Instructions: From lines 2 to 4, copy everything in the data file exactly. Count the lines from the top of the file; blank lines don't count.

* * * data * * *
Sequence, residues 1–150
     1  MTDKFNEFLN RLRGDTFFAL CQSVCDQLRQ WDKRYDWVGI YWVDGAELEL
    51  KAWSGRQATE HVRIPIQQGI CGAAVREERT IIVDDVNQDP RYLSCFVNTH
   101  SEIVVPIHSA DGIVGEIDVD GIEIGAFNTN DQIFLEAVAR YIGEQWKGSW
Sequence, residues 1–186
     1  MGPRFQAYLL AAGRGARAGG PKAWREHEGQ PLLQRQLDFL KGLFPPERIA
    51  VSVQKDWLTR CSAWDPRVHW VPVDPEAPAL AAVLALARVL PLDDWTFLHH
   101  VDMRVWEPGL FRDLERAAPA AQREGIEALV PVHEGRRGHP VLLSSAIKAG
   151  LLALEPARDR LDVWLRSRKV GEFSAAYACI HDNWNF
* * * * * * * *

     1  MTDKFNEFLN RLRGDTFFAL CQSVCDQLRQ WDKRYDWVGI YWVDGAELEL
    51  KAWSGRQATE HVRIPIQQGI CGAAVREERT IIVDDVNQDP RYLSCFVNTH
   101  SEIVVPIHSA DGIVGEIDVD GIEIGAFNTN DQIFLEAVAR YIGEQWKGSW